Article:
I was disappointed that War on Drugs didn’t come up because it seems to me that this is a big policy failure at the heart of the acrimony, violence, racism, and resentment. War is adversarial and violent. This war pits the police against everybody else. The war mentality is pushing the militarization of the police. And, for every dollar we spend on this war, those ensnared by it’s prosecution spend more to defend themselves or otherwise are ground to powder by the criminal justice system. What we are doing isn’t just a failure, it’s a disaster. And for anybody who doesn’t think that the War on Drugs is closely linked to racism in America, I’d encourage you to either: 1) read Michelle Alexander’s book The New Jim Crow; or 2) go to a Michigan jail or prison and try to find out why the demographics look so stilted (hint – trace the inmates back to their original charge).

    Dialog is good, but it’s not enough. Ending mass incarceration and the stopping the school to prison pipeline relies on fundamentally changing our approach to substance abuse from a criminal justice approach to a treatment approach. That was my reaction.

  12. Mr. X
    Posted July 22, 2016 at 11:30 am | Permalink

    While Clayton didn’t talk explicitly about the school to prison pipeline and the war on drugs, he did mention the program in Seattle that’s intended to keep first time offenders out of the system, Jeff, and how he’d like to bring it here. The program is called LEAD, and you can find out more here:


    “Law Enforcement Assisted Diversion (LEAD) is a pre-booking diversion pilot program developed with the community to address low-level drug and prostitution crimes in the Belltown neighborhood in Seattle and the Skyway area of unincorporated King County. The program allows law enforcement officers to redirect low-level offenders engaged in drug or prostitution activity to community-based services, instead of jail and prosecution. By diverting eligible individuals to services, LEAD is committed to improving public safety and public order, and reducing the criminal behavior of people who participate in the program.”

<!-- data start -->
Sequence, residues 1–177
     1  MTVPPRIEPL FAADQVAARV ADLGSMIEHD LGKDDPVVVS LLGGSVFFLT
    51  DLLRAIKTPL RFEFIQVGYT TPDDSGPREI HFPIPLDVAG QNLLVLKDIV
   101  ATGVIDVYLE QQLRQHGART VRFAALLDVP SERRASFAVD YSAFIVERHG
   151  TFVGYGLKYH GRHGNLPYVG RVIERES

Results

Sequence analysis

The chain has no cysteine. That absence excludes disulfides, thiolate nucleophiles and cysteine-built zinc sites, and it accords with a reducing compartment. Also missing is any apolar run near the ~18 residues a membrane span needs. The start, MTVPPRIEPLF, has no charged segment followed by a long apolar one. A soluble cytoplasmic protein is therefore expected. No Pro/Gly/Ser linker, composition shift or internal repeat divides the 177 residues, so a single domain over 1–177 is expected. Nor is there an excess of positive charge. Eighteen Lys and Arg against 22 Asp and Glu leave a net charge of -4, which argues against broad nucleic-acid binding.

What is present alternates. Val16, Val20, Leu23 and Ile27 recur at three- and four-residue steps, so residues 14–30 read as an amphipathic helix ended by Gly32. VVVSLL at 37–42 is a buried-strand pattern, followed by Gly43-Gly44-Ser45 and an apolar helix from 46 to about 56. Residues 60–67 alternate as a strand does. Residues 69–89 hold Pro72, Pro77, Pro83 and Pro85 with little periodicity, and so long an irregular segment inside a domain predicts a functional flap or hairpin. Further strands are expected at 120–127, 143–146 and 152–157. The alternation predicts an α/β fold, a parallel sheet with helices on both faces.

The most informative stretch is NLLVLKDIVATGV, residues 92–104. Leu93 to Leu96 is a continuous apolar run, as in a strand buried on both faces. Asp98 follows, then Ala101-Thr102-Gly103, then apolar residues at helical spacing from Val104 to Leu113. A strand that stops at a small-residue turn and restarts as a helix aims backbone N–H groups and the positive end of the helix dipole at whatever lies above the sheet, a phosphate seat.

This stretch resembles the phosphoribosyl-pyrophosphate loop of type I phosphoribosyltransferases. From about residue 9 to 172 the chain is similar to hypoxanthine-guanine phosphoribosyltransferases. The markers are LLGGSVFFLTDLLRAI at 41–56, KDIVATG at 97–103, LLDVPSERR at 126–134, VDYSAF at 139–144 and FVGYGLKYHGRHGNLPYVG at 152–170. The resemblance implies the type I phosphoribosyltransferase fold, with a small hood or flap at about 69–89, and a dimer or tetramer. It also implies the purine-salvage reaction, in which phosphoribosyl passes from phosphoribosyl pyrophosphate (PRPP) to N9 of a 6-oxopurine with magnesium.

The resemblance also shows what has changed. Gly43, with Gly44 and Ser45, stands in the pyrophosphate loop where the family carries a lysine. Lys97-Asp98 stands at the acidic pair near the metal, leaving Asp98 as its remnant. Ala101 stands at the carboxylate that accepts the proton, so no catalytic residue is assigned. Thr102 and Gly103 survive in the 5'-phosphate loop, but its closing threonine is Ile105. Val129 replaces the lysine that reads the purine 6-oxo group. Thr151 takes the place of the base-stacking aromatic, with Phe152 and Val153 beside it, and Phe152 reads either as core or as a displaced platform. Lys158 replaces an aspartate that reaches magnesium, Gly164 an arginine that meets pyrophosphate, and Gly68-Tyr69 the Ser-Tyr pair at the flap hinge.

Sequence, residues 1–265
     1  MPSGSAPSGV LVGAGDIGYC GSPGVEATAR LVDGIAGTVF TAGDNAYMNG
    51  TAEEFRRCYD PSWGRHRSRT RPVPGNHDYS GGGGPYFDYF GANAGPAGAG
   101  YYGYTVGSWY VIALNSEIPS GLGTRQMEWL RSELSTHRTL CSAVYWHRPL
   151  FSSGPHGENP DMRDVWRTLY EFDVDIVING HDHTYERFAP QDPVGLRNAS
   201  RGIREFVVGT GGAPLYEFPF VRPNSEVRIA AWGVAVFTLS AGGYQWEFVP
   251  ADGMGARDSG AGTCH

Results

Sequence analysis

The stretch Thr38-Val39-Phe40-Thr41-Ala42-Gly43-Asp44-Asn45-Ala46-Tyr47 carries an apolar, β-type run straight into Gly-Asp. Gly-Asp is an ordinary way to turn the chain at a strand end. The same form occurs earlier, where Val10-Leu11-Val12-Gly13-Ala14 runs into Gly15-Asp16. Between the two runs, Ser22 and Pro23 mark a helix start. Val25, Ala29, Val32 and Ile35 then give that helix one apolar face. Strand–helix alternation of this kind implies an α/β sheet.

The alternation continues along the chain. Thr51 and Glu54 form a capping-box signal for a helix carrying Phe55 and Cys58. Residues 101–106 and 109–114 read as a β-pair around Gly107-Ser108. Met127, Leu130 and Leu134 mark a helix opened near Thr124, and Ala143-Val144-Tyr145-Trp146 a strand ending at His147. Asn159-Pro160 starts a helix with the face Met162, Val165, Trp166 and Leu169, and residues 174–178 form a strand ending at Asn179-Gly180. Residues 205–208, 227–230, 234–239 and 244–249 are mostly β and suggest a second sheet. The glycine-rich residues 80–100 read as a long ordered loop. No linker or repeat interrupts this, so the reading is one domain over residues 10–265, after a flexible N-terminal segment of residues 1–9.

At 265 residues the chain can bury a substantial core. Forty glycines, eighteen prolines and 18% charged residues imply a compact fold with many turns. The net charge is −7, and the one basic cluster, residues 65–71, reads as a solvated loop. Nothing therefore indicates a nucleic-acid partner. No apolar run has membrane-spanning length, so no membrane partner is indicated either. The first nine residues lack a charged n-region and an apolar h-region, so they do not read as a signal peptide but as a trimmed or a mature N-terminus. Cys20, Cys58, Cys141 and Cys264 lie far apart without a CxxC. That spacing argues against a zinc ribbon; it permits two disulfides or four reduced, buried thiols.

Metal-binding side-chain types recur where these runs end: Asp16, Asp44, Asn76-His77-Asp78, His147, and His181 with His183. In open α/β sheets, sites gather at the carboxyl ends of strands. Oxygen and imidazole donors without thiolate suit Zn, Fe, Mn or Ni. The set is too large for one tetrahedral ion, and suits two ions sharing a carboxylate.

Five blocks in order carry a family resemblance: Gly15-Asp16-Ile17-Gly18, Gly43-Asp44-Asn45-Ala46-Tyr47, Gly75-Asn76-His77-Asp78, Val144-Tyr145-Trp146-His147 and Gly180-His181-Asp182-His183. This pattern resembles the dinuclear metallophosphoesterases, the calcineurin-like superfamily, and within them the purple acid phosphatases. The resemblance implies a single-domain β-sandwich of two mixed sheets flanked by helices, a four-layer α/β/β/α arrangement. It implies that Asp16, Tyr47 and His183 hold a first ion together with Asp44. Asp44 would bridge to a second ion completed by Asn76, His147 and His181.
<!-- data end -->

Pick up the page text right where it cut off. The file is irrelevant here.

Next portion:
13. Jeff Irwin
    Posted July 22, 2016 at 2:37 pm | Permalink

    Just to agree strenuously, I think Sheriff Clayton is all over the issue of addressing bias in policing and he has been working on it – just in my experience – since he worked for Sheriff Scheibel back in the 90s. He’s good on diversion too and has great philosophy of policing. That’s why he’ll be Sheriff for as long as he wants.

  14. Posted July 23, 2016 at 10:37 am | Permalink

    The victim in the LAWNET shooting, Jeff, was named David Ware, and it happen very close to me here. Had it happened today, there would be riots. The young man was shot three times in the back while running from officers who had tried to apprehend him in a sting. He was unarmed. According to the police report at the time, if I remember correctly, the officer said it looked as though Ware was going for something in his waistband. It was also said that, because they’d seen him in locally produced rap videos handling firearms, they knew he had access to weapons. I wish for his family that there had been more of a discussion at the time… No too long ago, David’s son Eugene left a comment here. Here’s what he said: “I’m Eugene and I’m older now and I was just reading the stories of how my dad got killed and the stories are weird because you can’t shoot an unarmed man nor can you shoot someone in the back.”

  15. Westside
    Posted July 23, 2016 at 7:13 pm | Permalink

    Thanks putting this information out. Thanks for your work with this blog.